The deception of these disordered words is that they demonize work and prevent us from being fully human. They reinforce the lie that work is an obstacle to life. They lead us to despise work. They tell us ceasing work is the recipe for a full life, when God designed work as essential to a full life. Although this assertion gets surprised looks, a person who professes Biblical faith should never seek “Work-Life Balance“!
Is it any wonder that people long to “retire” and spend their remaining years as far from God’s life-giving gift of work as possible. Seeing work as opposed to life leads to the idolization of “retirement”–a freedom from work and a well-earned ability to “live” and stop “working”,
Here is an illustration of the the common cultural view of work in the context of life and faith.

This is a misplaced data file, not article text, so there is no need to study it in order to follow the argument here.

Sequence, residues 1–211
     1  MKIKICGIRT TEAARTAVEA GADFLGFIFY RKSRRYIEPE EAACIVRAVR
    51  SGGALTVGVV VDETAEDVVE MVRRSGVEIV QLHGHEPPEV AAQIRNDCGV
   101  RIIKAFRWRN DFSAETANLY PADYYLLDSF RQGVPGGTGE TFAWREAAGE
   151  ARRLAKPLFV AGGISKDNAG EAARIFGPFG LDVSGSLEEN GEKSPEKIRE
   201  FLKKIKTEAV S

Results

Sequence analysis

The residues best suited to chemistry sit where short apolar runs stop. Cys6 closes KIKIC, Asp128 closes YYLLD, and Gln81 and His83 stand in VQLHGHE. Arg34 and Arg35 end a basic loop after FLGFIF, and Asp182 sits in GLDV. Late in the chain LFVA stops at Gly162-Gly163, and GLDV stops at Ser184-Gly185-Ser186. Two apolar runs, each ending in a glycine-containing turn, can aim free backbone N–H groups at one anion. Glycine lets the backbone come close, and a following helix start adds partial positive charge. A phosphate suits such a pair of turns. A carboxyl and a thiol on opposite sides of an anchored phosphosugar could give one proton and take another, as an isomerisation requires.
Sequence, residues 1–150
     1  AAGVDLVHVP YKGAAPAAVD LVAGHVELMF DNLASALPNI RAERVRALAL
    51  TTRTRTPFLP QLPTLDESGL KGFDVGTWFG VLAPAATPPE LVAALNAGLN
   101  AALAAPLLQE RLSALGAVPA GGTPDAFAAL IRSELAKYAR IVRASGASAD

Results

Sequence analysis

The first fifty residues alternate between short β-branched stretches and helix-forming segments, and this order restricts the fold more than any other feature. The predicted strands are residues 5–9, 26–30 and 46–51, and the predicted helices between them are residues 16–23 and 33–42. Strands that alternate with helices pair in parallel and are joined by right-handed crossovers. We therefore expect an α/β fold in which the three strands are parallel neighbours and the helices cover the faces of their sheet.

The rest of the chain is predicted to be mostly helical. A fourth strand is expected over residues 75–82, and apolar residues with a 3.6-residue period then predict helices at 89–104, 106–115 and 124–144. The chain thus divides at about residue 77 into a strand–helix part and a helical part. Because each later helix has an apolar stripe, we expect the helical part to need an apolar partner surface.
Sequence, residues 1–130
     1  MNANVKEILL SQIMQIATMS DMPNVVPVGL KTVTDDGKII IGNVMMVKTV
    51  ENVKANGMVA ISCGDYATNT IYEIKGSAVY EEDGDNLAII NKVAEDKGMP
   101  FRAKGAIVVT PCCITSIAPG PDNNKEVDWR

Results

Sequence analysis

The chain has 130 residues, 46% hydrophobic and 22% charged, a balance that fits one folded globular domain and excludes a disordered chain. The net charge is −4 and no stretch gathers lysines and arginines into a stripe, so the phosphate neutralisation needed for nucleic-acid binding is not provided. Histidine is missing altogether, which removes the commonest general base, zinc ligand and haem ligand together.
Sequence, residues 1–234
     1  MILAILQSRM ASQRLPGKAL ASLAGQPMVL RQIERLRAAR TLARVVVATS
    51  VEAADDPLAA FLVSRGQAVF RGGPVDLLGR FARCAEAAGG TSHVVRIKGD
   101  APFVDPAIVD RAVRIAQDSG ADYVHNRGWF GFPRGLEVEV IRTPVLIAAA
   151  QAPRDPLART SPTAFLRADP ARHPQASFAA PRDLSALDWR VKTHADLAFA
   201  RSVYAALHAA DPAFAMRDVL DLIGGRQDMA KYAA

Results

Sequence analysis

Words can not only create emotions, they create actions. And from our actions flow the results of our lives. (Tony Robbins)
Words To Re-Shape Work
If we want to live in alignment with God’s design for our lives, our goal should be “life balance”. Work is an essential part of life, along with our family, our fitness and our faith. In fact, what we learn in Genesis is that work is necessary to live fully and be fully human. “Live to work” and “work to live” are both wrong–we were designed to “live more fully through work”.
In 1942, Dorothy Sayers wrote in her essay “Why Work?”: